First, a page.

No matter how advanced you are in your pregnancy or not, it is important to speak with your healthcare provider before you fly.
Dr. Gopal stated that if you plan to fly while pregnant, it is a good idea to have that conversation. Your provider will inform you of any safety precautions that should be taken to ensure a safe flight.
You may need to check with the airline before you fly. Below is a table that lists the rules for major airlines.
Pregnancy and Flying: A Trimester-by-Triester Guide
Most airlines allow pregnant women to fly up to week 36. However, you must do your research before booking any flight. You’ll also want to consult with your OB-GYN or midwife before traveling–especially if you’re at a higher risk for complications during pregnancy.
Before you travel
Although you might be used to booking vacations on a whim or packing only your essentials, there is one thing you should do before you book a flight during pregnancy: Get travel insurance.
If travel restrictions are changed, your healthcare provider will recommend you stay home. However, if you have any concerning symptoms (such as bleeding, abdominal pains, swelling, headaches or reduced fetal movement), you should postpone or cancel your plans.
The ACOG states that travel is not recommended for pregnant women with certain complications, such as preeclampsia or premature rupture of membranes, or those at high risk for preterm labor.
It is considered safe to fly earlier in pregnancy. Your fetus won’t be hurt by metal detectors.
Raul Artal M.D., ex-vice chairman of the American College of Obstetricians and Gynecologists Committee on Obstetric Practice, stated that pregnant women should follow the same precautions as the general population when traveling by air.
Pregnant air travelers need to take extra precautions in any trimester. Pregnant women are seven times more likely than others to get blood clots. This is especially true if they fly long distances. You can reduce your risk by booking an aisle seat. While seated, you can walk around and move your legs and toes.
Morning sickness and fatigue could be the most common first-trimester symptoms. You may want to talk with your doctor about bringing anti-nausea medication with you.
ACOG states that mid-pregnancy is the best time to travel (14 to 28 weeks). These weeks are when your energy returns, morning sickness disappears, and you can still get around easily. It may be more difficult to sit or move for long periods of time after 28 weeks.
It’s a good idea for second-trimester women to keep hydrated. Consider wearing support stockings to decrease edema, clot risk, as well as researching nearby hospitals in case of an emergency.
Do you have twins or more than one child? Due to the increased risk of complications, your healthcare provider may recommend that you stop traveling sooner.
What is the best time to fly during pregnancy? If you are relatively healthy and not at risk for complications such as preterm labor, preeclampsia or gestational diabetes, or placenta premature, you can usually travel up to 36 weeks. However, some OB-GYNs might prefer that you remain closer to your home in the final stages of pregnancy to avoid any complications.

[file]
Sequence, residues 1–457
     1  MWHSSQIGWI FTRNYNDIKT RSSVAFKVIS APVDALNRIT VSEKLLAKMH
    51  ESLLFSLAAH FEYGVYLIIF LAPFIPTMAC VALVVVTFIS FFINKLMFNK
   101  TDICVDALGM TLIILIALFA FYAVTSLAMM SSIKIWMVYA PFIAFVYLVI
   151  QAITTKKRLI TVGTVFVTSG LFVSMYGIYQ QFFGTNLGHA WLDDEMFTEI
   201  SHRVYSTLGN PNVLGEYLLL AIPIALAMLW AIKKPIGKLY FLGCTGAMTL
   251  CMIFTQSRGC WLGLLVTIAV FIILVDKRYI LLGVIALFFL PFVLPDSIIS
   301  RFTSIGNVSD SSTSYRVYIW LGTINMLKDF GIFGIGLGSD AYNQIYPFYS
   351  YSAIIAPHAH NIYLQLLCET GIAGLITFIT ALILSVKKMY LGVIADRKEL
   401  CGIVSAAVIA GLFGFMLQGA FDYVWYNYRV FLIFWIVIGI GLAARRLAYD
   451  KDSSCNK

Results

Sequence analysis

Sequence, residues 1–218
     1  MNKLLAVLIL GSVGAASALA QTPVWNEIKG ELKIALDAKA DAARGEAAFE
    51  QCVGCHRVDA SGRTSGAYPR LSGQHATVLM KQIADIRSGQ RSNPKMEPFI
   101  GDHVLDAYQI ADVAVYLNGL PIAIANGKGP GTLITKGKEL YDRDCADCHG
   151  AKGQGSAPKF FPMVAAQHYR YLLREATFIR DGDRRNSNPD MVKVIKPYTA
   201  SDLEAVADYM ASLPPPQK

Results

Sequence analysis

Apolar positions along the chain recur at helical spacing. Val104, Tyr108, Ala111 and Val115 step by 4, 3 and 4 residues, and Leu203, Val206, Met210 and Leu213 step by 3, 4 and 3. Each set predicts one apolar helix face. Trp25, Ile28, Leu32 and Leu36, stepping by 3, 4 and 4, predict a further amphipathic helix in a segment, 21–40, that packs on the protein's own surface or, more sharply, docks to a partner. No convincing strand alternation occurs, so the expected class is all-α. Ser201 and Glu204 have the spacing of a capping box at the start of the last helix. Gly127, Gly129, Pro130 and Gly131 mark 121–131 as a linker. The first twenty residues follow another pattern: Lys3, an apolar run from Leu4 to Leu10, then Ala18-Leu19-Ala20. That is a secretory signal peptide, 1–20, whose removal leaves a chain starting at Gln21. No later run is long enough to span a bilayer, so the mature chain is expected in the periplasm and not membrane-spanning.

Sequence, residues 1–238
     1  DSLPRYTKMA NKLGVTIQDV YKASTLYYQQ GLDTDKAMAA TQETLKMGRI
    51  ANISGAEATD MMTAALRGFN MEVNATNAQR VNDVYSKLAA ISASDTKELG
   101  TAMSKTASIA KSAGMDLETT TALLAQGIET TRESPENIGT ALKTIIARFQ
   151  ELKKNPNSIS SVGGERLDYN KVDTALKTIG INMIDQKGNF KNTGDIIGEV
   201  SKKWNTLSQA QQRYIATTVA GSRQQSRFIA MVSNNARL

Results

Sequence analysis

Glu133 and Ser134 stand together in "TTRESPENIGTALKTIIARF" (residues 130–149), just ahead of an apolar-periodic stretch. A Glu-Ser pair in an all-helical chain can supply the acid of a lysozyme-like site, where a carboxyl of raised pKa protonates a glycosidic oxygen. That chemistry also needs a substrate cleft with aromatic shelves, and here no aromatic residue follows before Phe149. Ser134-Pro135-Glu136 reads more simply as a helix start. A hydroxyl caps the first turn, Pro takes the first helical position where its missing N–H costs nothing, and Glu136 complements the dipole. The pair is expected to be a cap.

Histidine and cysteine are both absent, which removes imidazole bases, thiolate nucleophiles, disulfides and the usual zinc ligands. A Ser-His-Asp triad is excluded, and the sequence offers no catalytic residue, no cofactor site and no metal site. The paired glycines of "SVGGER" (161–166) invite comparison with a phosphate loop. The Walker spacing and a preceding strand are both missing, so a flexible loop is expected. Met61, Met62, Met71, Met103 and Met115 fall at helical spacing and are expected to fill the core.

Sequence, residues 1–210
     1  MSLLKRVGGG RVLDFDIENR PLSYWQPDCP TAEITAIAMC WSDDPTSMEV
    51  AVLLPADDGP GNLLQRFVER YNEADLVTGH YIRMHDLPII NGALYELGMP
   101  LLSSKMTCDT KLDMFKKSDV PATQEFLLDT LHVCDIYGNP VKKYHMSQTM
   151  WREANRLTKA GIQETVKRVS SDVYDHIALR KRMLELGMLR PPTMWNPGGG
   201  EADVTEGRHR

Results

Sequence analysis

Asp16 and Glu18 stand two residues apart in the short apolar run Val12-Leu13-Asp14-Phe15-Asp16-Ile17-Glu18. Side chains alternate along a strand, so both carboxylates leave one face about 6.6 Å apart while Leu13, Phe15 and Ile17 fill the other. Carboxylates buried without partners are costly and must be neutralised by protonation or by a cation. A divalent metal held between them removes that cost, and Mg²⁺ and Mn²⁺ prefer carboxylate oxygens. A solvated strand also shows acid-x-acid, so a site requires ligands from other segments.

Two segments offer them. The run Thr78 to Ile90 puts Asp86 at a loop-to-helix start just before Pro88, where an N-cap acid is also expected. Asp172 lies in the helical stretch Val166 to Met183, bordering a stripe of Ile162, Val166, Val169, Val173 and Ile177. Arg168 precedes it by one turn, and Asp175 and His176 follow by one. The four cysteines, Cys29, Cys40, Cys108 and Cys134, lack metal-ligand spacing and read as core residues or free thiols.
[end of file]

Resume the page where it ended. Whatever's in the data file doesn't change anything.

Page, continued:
Patients at high risk, especially those with diabetes and pregnancy-induced hypertension, or sickle cell disease, may be advised to not fly after 24 weeks, or not at all.
Before you travel at the end of your pregnancy, talk to your doctor.
If you are suffering from any of the following:
- Complex pregnancy such as bleeding or placenta previa
- Multiple pregnancies, such as twins and triplets
- Premature labor is a long-standing problem
- Start in the early stages
For more information on applying for medical clearance, please see the conditions that require medical clearance.
Flying during your pregnancy
Depending on your current pregnancy term, the length of time you can fly and when you can do it will determine how much.
- A single baby, with an uncomplicated birth and clearance from your doctor/midwife
- Up to the end 36th week, you can board flights that last more than four hours.
- Flying less than four hours is possible, but not before the 40th week.
- Multiple pregnancies (e.g. twins) that are uncomplicated and cleared by your doctor or midwife
- Up to the end 32nd week, you can board flights that last more than four hours.
- Flying less than four hours is possible, but not before the 36th week.
You can apply for clearance if you are traveling for medical treatment. See conditions that require medical clearance.
Evidence of the date of conception
We recommend that you bring a letter from your doctor/midwife confirming that you are able to travel if you have not reached your 28th week.
While flying while pregnant is possible, there are some things you should keep in mind.
- Pregnant women who are in good health can fly up to four weeks before their due date, provided they have not had any complications during pregnancy or other medical issues.
- Women who are pregnant in the 36th or 37th week of their pregnancy and need to fly for medical reasons must get approval from their family physician or gynecologist. They must also contact the EL AL Service Center for approval from the EL AL Chief Practitioner or a trusted doctor (MEDA). Otherwise, they will not be permitted to board the flight.